Bidstrup (2000) calls “[g]ay sex … unnatural” (para. 24), and Edward Vacek (2003) states that “homosexual unions … violate human nature and the common good” (Vacek, 2003, para. 7).  These are statements that trigger fear in many people’s minds, but they are not true.  As Bidstrup (2000) tells us in the same article, “gay couples … [are] loyal to their mates, are monogamous, devoted partners. They value and participate in family life” (Bidstrup, 2000, para. 12).  The devotion of homosexual partners to their mates seems to be in line with the common good, not at odds with it.  Monogamy, too, appears to promote the common good, especially in an age where diseases are passed on through indiscriminate sex, and where approximately half of heterosexual marriages end in divorce.  Fostering strong, devoted, monogamous relationships by allowing the partners to marry, regardless of gender or sexual preference, is a natural response that the government needs to make.  Such a move promotes stable families, and helps to stabilize the society at large.

          It has been stated that allowing homosexuals to marry will lead to the legalization of numerous perversions and abominations.  This suggests to many that allowing homosexuals to marry will somehow cause, or increase the occurrence of, these atrocities.  Such an idea is simply silly fear-mongering.  Homosexual marriage has no bearing on the perversions and abominations in the world.  As far as “incest, bestial marriage, [and] polygamy” (Bidstrup, 2000, para. 28) are concerned, we need only return to my original rewording of the Defense of Marriage Act.  If marriage becomes defined as a legal union between two consenting adults as mutual spouses, then those concerns are automatically excluded.  The requirement for two prevents polygamy.  The requirement for consenting prevents bestial marriage, since animals cannot give consent.  The requirement for adults prevents most instances of incest, as children cannot marry.  Currently existing laws, such as Michigan’s Manual on Michigan Marriages, which “prohibits marriages up to 2 generations apart (up to grandparents; down to grand-children), and also prohibits many but not all ‘in-law (e.g., son's wife and wife's mother, but not brother's wife or wife's sister) and ‘step’ unions (e.g., stepmother)” (Manual on Michigan Marriage, 2003, para. 18), prevent other incest cases, since siblings and parent-child pairs are not allowed to marry.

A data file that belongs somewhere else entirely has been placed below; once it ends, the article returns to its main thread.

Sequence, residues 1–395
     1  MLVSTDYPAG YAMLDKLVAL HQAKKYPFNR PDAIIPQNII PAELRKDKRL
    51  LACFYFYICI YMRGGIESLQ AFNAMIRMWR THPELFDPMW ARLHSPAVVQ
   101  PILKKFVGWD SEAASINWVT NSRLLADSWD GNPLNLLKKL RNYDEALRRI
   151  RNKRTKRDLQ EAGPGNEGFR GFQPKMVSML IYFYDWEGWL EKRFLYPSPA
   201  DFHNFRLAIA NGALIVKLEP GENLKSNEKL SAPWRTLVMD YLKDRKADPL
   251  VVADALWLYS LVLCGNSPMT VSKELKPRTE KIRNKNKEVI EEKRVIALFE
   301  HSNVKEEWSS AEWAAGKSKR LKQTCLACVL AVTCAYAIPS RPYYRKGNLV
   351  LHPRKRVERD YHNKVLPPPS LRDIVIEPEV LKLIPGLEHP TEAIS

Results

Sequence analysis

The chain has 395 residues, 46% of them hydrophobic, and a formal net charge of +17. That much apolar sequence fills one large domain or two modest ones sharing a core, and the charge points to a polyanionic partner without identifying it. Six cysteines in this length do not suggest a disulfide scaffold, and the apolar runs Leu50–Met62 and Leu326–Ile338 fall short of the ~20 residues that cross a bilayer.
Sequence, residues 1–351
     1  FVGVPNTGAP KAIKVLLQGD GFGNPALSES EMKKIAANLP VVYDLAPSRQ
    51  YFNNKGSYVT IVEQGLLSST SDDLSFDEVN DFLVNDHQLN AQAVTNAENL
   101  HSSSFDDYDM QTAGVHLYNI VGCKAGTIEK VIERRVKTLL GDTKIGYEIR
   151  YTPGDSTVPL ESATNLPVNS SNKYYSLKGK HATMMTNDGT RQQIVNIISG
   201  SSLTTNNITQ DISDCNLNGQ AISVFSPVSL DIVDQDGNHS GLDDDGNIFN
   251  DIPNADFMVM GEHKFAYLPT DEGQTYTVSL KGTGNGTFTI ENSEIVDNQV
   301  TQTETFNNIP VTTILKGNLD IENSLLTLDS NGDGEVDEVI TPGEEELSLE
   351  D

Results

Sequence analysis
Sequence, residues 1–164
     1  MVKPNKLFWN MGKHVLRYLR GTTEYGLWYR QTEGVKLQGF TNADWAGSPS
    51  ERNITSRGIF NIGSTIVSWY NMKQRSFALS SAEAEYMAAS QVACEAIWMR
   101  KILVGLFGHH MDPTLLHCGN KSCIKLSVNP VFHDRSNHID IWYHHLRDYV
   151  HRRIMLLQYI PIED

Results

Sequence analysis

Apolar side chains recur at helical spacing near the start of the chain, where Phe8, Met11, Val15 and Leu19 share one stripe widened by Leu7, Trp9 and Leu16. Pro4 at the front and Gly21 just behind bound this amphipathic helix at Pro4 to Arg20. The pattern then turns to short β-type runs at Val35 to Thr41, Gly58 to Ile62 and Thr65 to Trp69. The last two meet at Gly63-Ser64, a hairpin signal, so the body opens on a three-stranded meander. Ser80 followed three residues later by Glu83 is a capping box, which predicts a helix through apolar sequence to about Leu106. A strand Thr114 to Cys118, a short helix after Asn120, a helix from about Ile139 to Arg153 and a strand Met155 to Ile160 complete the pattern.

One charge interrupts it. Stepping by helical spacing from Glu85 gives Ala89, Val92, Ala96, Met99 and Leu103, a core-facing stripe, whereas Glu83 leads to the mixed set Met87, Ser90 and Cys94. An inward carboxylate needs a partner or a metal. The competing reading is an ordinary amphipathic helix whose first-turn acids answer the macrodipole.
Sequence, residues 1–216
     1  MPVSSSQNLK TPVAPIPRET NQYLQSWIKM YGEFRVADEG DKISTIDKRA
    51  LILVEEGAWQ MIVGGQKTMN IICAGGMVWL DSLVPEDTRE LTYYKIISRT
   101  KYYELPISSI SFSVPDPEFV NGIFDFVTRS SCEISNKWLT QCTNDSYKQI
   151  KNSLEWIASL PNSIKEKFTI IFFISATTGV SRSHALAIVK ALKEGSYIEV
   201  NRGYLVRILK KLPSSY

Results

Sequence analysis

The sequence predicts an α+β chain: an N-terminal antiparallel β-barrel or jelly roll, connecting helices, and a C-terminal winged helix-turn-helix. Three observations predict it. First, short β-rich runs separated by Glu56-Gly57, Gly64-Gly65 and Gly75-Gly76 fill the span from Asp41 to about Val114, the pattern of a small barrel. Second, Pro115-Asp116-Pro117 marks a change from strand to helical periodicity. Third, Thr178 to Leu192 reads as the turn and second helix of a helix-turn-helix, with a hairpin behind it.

Homosexual couples already raise children, whether born to one or the other of the partners or adopted by the couple.  This removes any validity from the argument that homosexual marriage will teach children that homosexual relationships are acceptable.  This already happens without the benefit of homosexual marriage.  Allowing homosexual couples to marry would not taint the children of homosexuals; it would teach their children the importance of making a commitment through marriage.

          Allowing homosexual couples to marry, and to have all the rights and privileges of marriage that are currently enjoyed by any heterosexual couple that chooses to marry, is the right thing to do.  As Susan Shell (2004) states in Public Interest, “gay marriage is … a celebration of the individual's heroic struggle to find love and validation in a hostile world … [and] it is no one else's business” (Shell, 2004, para. 3).  When a heterosexual couple marries, the community celebrates with the newlyweds.  Even relative strangers celebrate the marriage of a heterosexual couple.  The same should be true for every homosexual couple that chooses marriage.  Every couple, regardless of gender or of sexual orientation, should be allowed to experience the special joy and intimacy of marriage.



Bidstrup, S.  (2000).  Gay Marriage: The Arguments and the Motives.  Retrieved June 21,      2010, from http://www.bidstrup.com/marriage.htm

“Church and State, The.” (2003). Conscience, XXIV(3), 8.  Retrieved June 21, 2010, from           ProQuest Database.

Dnes, A.. (2007). “Marriage, Cohabitation, and Same-Sex Marriage.” The Independent       Review, 12(1), 85-99.  Retrieved June 21, 2010, from ProQuest Database.

Manual on Michigan Marriage Law.  (2003, February 18).  Retrieved June 25, 2010, from           http://courts.co.calhoun.mi.us/book012.htm

Miluso, B..  (2004). “Family ‘De-Unification’ In the United States: International Law           Encourages Immigration Reform For Same-Gender Binational Partners.” The George           Washington International Law Review, 36(4), 915-946.  Retrieved June 21, 2010, from    ProQuest Database.

Schulman, S.  (2009, June 1).  "The Worst Thing About Gay Marriage: It isn't going to           work."          The Weekly Standard, Vol. 14, No. 35.  Retrieved June 21, 2010, from           http://www.weeklystandard.com/Content/Public/Articles/000/000/016/533narty.asp

Shell, S.M..  (2004). “The liberal case against gay marriage.” Public Interest,(156), 3-16.           Retrieved June 21, 2010, from ProQuest Database.

Tatchell, P..  (2001). “Stop the Vatican's Anti-Gay Crusade.” Conscience, 22(3), 22.         Retrieved June 21, 2010, from ProQuest Database.

Vacek, E.C..  (2003). “The meaning of marriage.” Commonweal, 130(18), 17-19.     Retrieved June 21, 2010, from ProQuest Database.

© 2017 Debbie Barry

Author's Note

Debbie Barry
Initial reactions and constructive criticism appreciated.

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Added on November 10, 2017
Last Updated on November 10, 2017
Tags: essay, philosophy, informal logic, homosexual marriage, homosexuality, morality

A Journey through My College Papers


Debbie Barry
Debbie Barry

Clarkston, MI

I live with my husband in southeastern Michigan with our two cats, Mister and Goblin. We enjoy exploring history through French and Indian War re-enactment and through medieval re-enactment in the So.. more..